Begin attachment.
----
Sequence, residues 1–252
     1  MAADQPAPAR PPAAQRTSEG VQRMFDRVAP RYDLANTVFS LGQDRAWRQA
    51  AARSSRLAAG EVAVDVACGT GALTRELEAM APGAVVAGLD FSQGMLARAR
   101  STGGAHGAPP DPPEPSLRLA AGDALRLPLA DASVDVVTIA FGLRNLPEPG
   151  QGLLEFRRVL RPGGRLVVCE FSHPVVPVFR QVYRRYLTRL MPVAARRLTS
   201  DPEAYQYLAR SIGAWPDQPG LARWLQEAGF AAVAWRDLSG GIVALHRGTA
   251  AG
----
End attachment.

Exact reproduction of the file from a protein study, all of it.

Sequence, residues 1–252
     1  MAADQPAPAR PPAAQRTSEG VQRMFDRVAP RYDLANTVFS LGQDRAWRQA
    51  AARSSRLAAG EVAVDVACGT GALTRELEAM APGAVVAGLD FSQGMLARAR
   101  STGGAHGAPP DPPEPSLRLA AGDALRLPLA DASVDVVTIA FGLRNLPEPG
   151  QGLLEFRRVL RPGGRLVVCE FSHPVVPVFR QVYRRYLTRL MPVAARRLTS
   201  DPEAYQYLAR SIGAWPDQPG LARWLQEAGF AAVAWRDLSG GIVALHRGTA
   251  AG